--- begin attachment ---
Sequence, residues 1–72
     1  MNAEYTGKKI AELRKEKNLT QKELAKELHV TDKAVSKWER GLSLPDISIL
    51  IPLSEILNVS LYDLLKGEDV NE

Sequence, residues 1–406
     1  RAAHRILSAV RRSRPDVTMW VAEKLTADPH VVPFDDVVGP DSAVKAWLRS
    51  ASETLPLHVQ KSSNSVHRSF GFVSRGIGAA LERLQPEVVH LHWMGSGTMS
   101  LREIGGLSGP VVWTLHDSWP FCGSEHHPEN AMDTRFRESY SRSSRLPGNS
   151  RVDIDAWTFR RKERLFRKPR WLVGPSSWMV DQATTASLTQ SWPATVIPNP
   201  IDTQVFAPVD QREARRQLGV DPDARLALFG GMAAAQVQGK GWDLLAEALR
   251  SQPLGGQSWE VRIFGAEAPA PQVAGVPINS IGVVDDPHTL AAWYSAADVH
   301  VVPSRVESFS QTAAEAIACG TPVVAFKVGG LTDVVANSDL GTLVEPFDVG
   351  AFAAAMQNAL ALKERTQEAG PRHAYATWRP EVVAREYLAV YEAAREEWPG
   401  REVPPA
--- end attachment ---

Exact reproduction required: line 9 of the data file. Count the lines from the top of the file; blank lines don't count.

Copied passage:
   201  IDTQVFAPVD QREARRQLGV DPDARLALFG GMAAAQVQGK GWDLLAEALR